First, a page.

The Daily Escape:
Morning has broken, St. Augustine, FL – April 13, 2021 photo by Wrongo
What does the American Flag really mean to us? To quote Heather Cox Richardson:
“Flags matter. They are the tangible symbol of a people united for a cause.”
Today we’re going to talk about a flag that increasingly unites only some Americans, the Thin Blue Line Flag.
That Thin Blue Line refers to a black-and-white American flag with one blue stripe. It’s come to mean that the police are the line which keeps society from descending into violent chaos. The “blue” refers to the blue color of the uniforms worn by many US police departments.
But in addition to being a sign of police solidarity, it has appeared as a symbol of white supremacy. From the Marshall Project:
“Those who fly the flag have said it stands for solidarity and professional pride within a dangerous, difficult profession and a solemn tribute to fallen police officers. But it has also been flown by white supremacists, appearing next to Confederate flags at the 2017 ‘Unite the Right’ rally in Charlottesville, Virginia. County officials in Oregon recently paid $100,000 to a black employee of a law enforcement agency there, after she said she was harassed by coworkers for complaining about her colleagues displaying the flag at work.”
A “Blue Lives Matter” movement grew in the wake of multiple killings of police officers in Baton Rouge, Louisiana; Brooklyn, New York; and Dallas. But the movement took off when Trump, as a presidential candidate, called police “the force between civilization and total chaos.”
Soon a few states passed laws to categorize physical attacks on law enforcement officers as hate crimes.
But it has come to be a symbol for many sides. By the 2020 presidential election, Trump often replaced the American flag with the Thin Blue Line flag as the centerpiece of his rallies. The implication was that he was the leader of the alt-right. It was not inadvertent: after a Wisconsin rally, then-White House press secretary Kayleigh McEnany tweeted:
“The Thin Blue Line flag is flying HIGH at President Trump’s rally in Wisconsin!”
The Thin Blue Line flag was prominent at the January 6 attempted coup in DC:
The BLM movement sees it as anti-BLM, and a racist symbol. The Thin Blue Line flag is supposed to convey solidarity with the police. But isn’t it also saying that it’s us against them?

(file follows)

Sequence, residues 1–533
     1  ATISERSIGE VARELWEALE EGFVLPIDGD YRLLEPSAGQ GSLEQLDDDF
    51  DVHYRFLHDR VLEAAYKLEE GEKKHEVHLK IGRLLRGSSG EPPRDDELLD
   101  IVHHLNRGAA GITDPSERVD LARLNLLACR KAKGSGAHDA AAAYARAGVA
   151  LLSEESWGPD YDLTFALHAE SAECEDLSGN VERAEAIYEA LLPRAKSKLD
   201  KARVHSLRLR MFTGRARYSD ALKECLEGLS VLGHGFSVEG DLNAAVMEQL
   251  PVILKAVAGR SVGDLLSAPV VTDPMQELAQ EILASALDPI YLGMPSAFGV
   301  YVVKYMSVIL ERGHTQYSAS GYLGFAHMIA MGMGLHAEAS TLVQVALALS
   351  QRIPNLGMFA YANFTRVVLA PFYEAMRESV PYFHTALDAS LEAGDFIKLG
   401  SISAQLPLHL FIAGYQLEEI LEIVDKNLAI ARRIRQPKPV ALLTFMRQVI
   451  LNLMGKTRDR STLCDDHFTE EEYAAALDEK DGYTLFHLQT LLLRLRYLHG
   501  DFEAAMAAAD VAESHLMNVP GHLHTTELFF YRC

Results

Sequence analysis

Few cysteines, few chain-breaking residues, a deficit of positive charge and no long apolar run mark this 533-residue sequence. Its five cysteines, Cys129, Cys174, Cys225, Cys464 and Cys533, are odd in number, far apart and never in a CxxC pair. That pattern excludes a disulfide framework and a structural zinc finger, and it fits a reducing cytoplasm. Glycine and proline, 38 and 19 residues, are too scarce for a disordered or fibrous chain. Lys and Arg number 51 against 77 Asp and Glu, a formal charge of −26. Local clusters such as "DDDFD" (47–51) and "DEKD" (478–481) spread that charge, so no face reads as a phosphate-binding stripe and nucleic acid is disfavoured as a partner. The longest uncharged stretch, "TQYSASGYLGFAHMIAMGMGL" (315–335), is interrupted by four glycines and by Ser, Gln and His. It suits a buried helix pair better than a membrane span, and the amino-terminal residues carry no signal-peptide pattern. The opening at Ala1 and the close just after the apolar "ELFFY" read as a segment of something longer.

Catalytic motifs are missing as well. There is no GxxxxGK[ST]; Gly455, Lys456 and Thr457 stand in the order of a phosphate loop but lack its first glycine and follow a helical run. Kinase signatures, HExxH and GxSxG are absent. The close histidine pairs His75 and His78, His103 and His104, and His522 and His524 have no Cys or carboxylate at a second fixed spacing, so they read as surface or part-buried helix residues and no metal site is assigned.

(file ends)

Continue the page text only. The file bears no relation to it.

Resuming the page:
The first reference to a thin blue line is in the early 1950s from William H. Parker, then-chief of police in Los Angeles. He worked with a short-lived TV show called the “Thin Blue Line“. He said that the blue line is what separates different kinds of Americans: those who abide by the law from those who do not.
The use of the concept grew from our military abroad, where it meant that our troops were holding a line against a foreign enemy.
Now, with the emergence of a quasi-military focus of policing in the US, that has been modified: For the police here at home, the enemy is within. The police see themselves as holding the line against criminals and elements of disorder that in their view, are undermining our society. There are now other flags that are designed to show solidarity: a red lined flag for firefighters, a yellow lined flag for emergency responders.
The police and community should be working together to produce better public safety. But if you’re looking at the community as a potential enemy, or a threat, that’s never going to produce a positive relationship.
Does America need specific flags for specific groups? In America today, we’re no longer a homogeneous society under one flag. A significant percentage of us no longer even support one president! The American flag is used by many groups, often with diverging views and ideologies.
Why should the Thin Blue Line flag be allowed to co-op the flag that belongs to all of us?
Wake up America! We’re on a dangerous path. There have always been interest groups that had their own message, some with colors and uniforms, or yes, even flags. But the Thin Blue Line has come to represent an insidious subtextual message of us vs. them that is particularly evident when it is flown alongside the ongoing murders of black and brown Americans by police.
To help you wake up, watch the Nashville-based group BR549 perform their 2001 tune “Too Lazy To Work, Too Nervous To Steal”: